Private sector outpaces government in running museums in Iran

May 17, 2016

The director of Iran’s Research Institute for Cultural Heritage and Tourism, Mohammad Beheshti, makes speech during a ceremony, which was held at the National Museum of Iran on May 17.

By Setareh Behroozi

TEHRAN – Privately-owned museums in Iran have been developed more than state-run museums during the past two years, the director of Iran’s Museums and Historical Properties Office, Mohammad Reza Kargar, announced.

About 40 museums were established by the private sector during this period, he said during a ceremony held at the National Museum of Iran on Tuesday.

The number of private museums increased by 50 percent in the previous Iranian calendar year (March 2015-March 2016) compared to its preceding year, he added.

“‘One Family, One Museum’ is our motto, which we hope the goal would be realized,” Kargar noted.

He also talked about an increase in the number of people who visited museums during last Iranian calendar year.

“According to statistics, over 25 million visitors went to museums last year,” he said, adding that several antiquities, which had been kept at the treasure house of the National Museum of Iran, were rearranged by the experts.

“All these developments indicate that enthusiasm is more important than capital in preservation of cultural heritage and people should be aware of the value of their heritage themselves,” he concluded.

Officials put a high value on preservation of cultural heritage

“Preservation of cultural heritage and cultural identity is now considered as a value by Iranian officials,” Iran’s tourism chief Masoud Soltanifar said during the event.

“I considered this view as the main achievement of Iran’s Cultural Heritage, Tourism and Handicraft Organization during past two years,” he announced.

He noted that several museums were established and renovated by the organization during the past year.

He referred to the reopening of the Islamic Era Museum after nine years and establishment of Khorasan regional museum as achievements of the organization.

Exhibitions and exchanges between museums increased

The number of exhibitions showcasing antiquities increased during past two years, indicating close cooperation between Iranian and foreign museums, the deputy director of the Cultural Heritage, Tourism and Handicraft Organization Mohammad Hassan Talebian said.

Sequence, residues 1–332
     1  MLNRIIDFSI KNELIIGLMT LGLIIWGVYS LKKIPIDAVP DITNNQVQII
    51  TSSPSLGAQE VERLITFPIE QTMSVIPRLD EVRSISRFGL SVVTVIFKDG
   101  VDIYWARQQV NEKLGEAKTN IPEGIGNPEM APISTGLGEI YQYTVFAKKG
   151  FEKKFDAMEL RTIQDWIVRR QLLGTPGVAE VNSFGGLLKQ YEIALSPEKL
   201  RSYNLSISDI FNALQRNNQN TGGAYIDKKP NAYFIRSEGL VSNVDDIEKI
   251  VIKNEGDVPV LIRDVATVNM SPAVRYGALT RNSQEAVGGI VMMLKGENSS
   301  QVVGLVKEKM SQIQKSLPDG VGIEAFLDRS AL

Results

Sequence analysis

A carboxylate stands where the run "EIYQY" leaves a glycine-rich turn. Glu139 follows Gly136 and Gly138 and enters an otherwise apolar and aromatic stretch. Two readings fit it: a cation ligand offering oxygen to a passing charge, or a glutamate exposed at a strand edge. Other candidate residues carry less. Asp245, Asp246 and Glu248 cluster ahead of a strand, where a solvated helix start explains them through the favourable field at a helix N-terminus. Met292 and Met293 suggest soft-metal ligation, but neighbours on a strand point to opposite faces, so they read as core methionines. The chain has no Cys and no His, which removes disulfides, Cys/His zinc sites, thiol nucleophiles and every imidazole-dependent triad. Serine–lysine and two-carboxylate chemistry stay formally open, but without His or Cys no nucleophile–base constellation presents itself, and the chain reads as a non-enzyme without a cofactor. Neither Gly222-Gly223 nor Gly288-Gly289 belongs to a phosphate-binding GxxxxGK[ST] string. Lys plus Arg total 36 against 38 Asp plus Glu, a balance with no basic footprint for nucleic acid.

“Holding such exhibitions leads to the exchange of different cultures and civilizations by people who live in different parts of the world,” he added.

“Nowadays, museums are focusing on visitors rather than artifacts and this is why that they can attract more people,” Talebian mentioned.

Cultural landscape is necessary to understand a civilization

“Without having a cultural landscape, no artifact can convey cultural messages to visitors,” the director of Iran’s Research Institute for Cultural Heritage and Tourism, Seyyed Mohammad Beheshti, said.

Artifacts, which are kept at the museums, are mirror to cultural identity of a country and without consideration of cultural landscape, they don’t have any value, he said.

The main aim of a museum is to remind people of what they had in the past, but without a cultural landscape, it turns into a place for forgotten things, he concluded.

The International Museum Day, which is celebrated annually on May 18, is held this year with the theme of Museums and Cultural Landscapes.

The National Museum of Iran will celebrate the International Museum Day and its centennial today during a ceremony will be attended by the president of the International Council of Museums, Hans-Martin Hinz.

 

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